And they’ve got a little swag. As Morris received the ball with a little over 10 seconds left in the backcourt, he shredded a pair of Spartans with behind-the-back moves then, seeing the lane wide open, took it to the hoop and finished things with a silky finger roll.

Necessary? Not at all. Classless? Perhaps.

But considering what this team’s accomplished in three fortnights, a little icing on the cake just seemed appropriate.

Friday, March 4, 2011

Carson Palmer is a Smart Man

Memo to young, talented quarterbacks: Your NFL career will, more than likely, be difficult and filled with mind-numbing injuries (literally). That's why it's not the dumbest thing to step away before too many limbs are snapped.

You don't have to go all Brett Favre to have a successful career. If you're smart with money, in fact, you can control your career. Just look at Carson Palmer, Cincinnati's frustrated signal caller.

Recently, the USC product has come out and blatantly said that if he's not traded, he will not play another down for the Bengals. He's serious. I don't blame him. 

It's hard enough playing QB in the league, regardless of how many rules are created to protect the position. You're going to get blasted. You're going to get beat up. And, yes, you'll probably suffer a concussion or 13. Fun? Not in my mind.

When you're stuck with an incompetent owner in Mike Brown, however, who's only goal is to sign as many shady characters as possible -- Pacman Jones? I'll take him! And throw in Tank Johnson too, please! -- and who does nothing tangible to actually, you know, improve the team ... well, running the offense year after year doesn't seem so rosy. 

Sorry, forgot to mention the constant barking in your ears -- one for each -- from Ochocinco and T.O. Fun.

So why, honestly, would Palmer play another down for the Bengals? What is there left to prove? He's played nearly six full seasons -- in addition to an injury-plagued, four-game campaign -- and taken the previously moribund franchise to the playoffs twice (somehow). The first time, he didn't survive the first quarter and was carted off the field.

He's been to the Pro Bowl twice. He's survived the Chad Johnson-Ochocinco era. Seriously? What more could he do (and don't even mention Super Bowl and Bengals in the same sentence).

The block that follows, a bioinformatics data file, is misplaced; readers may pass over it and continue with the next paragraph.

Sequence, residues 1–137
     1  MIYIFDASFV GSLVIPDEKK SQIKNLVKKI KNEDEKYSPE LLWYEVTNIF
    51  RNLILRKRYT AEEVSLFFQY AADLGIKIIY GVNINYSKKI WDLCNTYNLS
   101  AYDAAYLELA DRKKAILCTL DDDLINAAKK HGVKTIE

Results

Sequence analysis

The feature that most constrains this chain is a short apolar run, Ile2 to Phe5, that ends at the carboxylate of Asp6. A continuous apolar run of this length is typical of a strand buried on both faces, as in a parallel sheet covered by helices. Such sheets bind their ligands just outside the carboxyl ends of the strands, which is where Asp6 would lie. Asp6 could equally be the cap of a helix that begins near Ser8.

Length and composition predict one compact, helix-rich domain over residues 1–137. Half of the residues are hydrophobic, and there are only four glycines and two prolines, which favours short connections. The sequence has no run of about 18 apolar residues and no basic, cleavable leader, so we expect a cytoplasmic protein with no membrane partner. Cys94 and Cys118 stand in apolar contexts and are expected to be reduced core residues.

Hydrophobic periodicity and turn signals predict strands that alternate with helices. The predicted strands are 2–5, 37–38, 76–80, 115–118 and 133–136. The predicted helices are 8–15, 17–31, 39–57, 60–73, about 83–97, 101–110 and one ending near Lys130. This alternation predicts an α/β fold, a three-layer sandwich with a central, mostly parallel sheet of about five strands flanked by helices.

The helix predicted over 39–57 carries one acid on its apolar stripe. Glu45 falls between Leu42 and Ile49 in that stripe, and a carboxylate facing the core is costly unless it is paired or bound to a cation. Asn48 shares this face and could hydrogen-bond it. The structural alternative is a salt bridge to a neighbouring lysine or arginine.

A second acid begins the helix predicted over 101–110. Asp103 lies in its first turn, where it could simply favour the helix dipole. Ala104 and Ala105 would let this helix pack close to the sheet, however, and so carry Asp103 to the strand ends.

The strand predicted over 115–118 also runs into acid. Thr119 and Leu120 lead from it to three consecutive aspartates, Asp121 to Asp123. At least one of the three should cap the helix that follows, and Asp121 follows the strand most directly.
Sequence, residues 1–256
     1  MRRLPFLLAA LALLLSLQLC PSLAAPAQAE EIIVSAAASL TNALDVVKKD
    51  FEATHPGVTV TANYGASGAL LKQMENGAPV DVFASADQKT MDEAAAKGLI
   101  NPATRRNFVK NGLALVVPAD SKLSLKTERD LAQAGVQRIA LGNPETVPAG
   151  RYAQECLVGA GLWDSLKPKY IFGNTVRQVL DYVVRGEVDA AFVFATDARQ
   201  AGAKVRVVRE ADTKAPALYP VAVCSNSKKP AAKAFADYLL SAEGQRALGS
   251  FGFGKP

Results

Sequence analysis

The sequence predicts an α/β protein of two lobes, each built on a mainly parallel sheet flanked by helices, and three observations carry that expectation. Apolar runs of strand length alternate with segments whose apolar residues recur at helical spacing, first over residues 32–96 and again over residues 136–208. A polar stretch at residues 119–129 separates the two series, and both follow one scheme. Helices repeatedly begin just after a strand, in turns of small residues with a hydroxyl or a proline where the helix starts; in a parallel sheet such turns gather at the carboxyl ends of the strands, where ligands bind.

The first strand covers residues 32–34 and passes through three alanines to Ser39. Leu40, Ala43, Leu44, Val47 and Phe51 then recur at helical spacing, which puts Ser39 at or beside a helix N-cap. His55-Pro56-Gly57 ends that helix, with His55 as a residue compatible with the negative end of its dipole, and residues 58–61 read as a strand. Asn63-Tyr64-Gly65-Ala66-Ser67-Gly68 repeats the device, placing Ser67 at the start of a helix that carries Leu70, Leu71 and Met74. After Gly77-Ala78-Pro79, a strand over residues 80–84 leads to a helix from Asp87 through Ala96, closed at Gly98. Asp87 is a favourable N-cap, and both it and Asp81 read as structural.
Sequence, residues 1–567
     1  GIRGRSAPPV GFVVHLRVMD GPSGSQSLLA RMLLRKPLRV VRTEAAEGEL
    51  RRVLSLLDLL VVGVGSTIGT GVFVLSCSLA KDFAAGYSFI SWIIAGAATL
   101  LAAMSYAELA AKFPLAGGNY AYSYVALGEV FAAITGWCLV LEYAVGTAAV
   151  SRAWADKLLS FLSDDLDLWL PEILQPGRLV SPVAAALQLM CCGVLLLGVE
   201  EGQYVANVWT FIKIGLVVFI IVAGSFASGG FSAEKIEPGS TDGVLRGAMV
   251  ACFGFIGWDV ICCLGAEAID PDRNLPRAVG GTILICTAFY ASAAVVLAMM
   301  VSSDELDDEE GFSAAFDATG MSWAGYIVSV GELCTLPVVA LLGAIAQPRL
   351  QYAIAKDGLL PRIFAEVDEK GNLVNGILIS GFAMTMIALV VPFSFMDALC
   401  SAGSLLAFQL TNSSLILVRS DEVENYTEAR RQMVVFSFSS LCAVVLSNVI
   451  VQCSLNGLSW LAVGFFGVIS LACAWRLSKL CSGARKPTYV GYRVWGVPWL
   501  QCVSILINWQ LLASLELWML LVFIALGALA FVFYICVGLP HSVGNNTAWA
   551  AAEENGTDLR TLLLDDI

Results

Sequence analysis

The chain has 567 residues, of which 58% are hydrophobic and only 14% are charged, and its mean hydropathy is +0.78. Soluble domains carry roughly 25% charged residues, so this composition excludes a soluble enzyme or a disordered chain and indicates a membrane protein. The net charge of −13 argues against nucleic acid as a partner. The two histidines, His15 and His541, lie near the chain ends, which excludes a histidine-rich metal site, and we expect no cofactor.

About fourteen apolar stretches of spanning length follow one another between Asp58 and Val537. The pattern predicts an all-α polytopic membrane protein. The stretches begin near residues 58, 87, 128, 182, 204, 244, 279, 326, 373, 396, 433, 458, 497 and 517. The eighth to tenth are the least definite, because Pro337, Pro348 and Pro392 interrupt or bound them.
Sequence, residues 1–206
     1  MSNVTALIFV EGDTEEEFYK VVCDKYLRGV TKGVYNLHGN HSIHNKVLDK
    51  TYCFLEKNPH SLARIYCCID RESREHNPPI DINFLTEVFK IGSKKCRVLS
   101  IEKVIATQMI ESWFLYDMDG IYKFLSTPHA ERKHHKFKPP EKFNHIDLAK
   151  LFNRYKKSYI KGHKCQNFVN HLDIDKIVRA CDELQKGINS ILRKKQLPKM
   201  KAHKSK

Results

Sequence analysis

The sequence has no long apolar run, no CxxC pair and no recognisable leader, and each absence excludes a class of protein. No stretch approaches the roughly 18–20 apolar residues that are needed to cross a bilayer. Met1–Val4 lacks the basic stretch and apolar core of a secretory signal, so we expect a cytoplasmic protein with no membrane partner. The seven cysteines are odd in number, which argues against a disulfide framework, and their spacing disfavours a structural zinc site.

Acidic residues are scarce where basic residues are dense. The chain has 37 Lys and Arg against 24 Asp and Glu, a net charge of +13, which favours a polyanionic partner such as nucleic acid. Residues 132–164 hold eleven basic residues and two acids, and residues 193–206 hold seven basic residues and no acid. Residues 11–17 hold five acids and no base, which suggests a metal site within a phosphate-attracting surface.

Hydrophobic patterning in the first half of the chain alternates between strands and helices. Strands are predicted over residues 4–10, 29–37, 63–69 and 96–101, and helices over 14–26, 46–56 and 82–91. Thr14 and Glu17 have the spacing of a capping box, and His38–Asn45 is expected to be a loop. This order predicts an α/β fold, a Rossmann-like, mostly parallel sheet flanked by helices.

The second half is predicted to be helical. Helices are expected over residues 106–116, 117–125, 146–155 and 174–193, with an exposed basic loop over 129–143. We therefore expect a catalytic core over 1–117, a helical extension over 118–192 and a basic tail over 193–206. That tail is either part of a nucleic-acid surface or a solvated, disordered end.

Well, he's doing the smart thing. At 31, he knows he could probably play a few more productive seasons. But at the same time, he's invested wisely and has "$80 million in the bank." I think he, his family, his kids' families, and some more families are set for life.

Recently, Sports Illustrated ran an illuminating article about Jake "The Snake" Plummer, who stepped away from the league early, completely separated himself from football, and now is living a fulfilling, healthy, financially stable life playing handball and raising a family.

That makes perfect sense to me (well, except for the handball part).

I find it hard to blame an athlete, even Favre, for hanging on to the game they've loved for as long as possible. After all, there aren't many "careers" that can end in one's 30s. But at the same time, we now know more and more the toll a long, bruising NFL career can have on one's body both in the near term and 10, 20 years down the road.

So whenever a player walks away "early" -- or threatens to do so -- I admire his ability to be able to make that smart life decision. Even if he is leaving something on the field.

Finally, I'm not always an advocate of players who demand trades. If a franchise is legitimately trying to improve and get to where you want to go, what's to complain about? Just play. But the Bengals under Brown haven't come close to doing that.

So bravo, Carson, for standing up to the (bad) man. Your decision will look smart come the next NFL game regardless of whether you're behind center for a team with an owner who knows what he's doing.

On that thought, just hope you're not traded to the Redskins.

Friday, February 18, 2011

Don't go east, Carmelo Anthony, if you want an NBA title


I'm no basketball insider, and I certainly don't have the connections of a Mark Stein or the ability to read a player's mind, so forgive me if this is completely naive...